EVERYBODY’S GONE TO THE RAPTURE
Publisher SCE Developer The Chinese Room Format PS4 Release 2015
Like Lars Von Trier’s film Melancholia, Everybody’s Gone To The Rapture explores the minutiae of people’s lives in the context of the end of the world. Around Rapture’s bucolic open world are seeded echoes from the past – snippets of conversation or even a heated argument from a time when this segment of 1984 England wasn’t abandoned. And you’re free to explore at your leisure, discovering areas and stories as you choose.
It’s also your decision as to whether you follow these echoes’ movements around the world once they begin, or listen to only the beginning and leave. If you do this, though, you won’t be able to go back and restart the event. You can also tune what you’re listening to by tilting the DualShock, allowing you to choose between multiple conversations.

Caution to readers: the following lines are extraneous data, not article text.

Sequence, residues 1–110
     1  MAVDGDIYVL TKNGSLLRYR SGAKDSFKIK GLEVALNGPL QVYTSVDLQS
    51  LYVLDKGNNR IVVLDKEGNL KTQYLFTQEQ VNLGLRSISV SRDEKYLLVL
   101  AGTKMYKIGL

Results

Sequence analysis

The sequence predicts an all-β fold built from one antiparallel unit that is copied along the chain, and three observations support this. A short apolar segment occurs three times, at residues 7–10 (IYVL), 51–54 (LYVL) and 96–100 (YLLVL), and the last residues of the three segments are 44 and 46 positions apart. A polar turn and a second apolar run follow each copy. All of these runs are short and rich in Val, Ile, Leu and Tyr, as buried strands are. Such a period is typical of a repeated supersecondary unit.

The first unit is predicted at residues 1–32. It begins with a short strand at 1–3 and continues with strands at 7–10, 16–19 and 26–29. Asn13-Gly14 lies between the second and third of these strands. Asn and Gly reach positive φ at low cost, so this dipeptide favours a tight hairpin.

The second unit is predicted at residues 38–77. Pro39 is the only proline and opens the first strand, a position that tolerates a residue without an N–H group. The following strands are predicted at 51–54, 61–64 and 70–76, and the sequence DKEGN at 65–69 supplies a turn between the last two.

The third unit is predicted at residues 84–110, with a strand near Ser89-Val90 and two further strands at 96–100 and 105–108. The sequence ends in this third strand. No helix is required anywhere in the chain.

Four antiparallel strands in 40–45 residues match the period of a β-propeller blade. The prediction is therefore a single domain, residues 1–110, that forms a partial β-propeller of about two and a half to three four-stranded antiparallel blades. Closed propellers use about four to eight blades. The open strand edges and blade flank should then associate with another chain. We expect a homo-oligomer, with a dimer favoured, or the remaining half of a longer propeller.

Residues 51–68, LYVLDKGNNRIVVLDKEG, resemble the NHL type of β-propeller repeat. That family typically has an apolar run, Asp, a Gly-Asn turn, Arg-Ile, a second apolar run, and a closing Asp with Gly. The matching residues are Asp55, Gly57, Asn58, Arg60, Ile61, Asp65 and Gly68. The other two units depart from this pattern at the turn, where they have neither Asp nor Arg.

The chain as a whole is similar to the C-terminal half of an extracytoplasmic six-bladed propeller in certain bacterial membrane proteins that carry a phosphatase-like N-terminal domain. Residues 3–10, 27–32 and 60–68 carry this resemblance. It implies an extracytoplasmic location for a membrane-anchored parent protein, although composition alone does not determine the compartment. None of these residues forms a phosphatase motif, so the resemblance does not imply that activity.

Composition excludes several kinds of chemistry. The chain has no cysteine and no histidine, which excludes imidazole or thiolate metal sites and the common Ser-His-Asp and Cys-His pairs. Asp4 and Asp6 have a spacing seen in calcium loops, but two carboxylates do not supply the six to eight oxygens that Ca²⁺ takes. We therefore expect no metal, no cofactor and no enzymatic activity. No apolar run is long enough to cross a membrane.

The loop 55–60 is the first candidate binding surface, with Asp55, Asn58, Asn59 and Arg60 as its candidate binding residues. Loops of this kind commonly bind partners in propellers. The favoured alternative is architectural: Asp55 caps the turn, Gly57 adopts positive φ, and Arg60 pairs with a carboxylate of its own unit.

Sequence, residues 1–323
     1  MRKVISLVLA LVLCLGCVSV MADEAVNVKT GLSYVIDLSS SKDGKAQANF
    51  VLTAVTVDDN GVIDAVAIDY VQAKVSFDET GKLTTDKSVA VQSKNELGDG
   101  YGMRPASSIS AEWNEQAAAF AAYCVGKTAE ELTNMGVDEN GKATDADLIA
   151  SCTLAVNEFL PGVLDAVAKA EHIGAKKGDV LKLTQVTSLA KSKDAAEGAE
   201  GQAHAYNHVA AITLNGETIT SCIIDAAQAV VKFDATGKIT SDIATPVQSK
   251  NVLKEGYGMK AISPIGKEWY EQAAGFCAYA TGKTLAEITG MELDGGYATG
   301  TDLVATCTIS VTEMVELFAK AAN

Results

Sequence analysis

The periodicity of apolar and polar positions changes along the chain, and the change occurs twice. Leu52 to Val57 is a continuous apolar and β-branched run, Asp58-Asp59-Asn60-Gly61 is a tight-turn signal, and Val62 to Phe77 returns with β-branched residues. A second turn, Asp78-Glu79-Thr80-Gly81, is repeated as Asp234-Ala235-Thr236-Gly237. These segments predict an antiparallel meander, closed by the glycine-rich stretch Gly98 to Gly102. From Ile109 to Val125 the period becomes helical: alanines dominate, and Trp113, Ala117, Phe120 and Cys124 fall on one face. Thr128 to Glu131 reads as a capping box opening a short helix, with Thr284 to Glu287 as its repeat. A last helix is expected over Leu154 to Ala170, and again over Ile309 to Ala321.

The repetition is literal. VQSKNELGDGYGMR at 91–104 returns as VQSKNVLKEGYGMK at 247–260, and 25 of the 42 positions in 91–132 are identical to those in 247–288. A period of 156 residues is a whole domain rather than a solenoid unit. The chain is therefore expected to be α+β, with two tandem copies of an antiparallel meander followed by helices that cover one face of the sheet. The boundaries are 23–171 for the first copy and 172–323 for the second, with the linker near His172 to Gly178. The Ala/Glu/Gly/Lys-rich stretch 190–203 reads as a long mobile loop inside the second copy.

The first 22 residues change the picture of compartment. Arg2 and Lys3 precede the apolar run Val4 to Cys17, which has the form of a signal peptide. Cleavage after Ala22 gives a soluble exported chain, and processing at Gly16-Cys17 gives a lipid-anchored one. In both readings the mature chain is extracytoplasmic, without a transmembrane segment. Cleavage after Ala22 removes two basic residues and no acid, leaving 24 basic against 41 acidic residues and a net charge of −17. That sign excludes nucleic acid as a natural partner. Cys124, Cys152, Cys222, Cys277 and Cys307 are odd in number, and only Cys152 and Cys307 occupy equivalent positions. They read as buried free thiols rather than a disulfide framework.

While it seems you are the last human left on Earth, you’ll encounter five AI characters as you progress. The first is a glowing ball that, when approached, will lead you to particular stories in the world. Co-directors Dan Pinchbeck and Jessica Curry want you to form relationships with these characters as you become more interested in what they’re trying to show you. While Rapture, like Dear Esther, is all about delivering a narrative, giving players the agency to experience it as they choose should make for a significantly more intriguing journey.
The game takes place in 1984 in the English countryside. It’s an uncommon setting for a game – for now. Games developed in the UK will only qualify for tax relief if they are deemed to be culturally British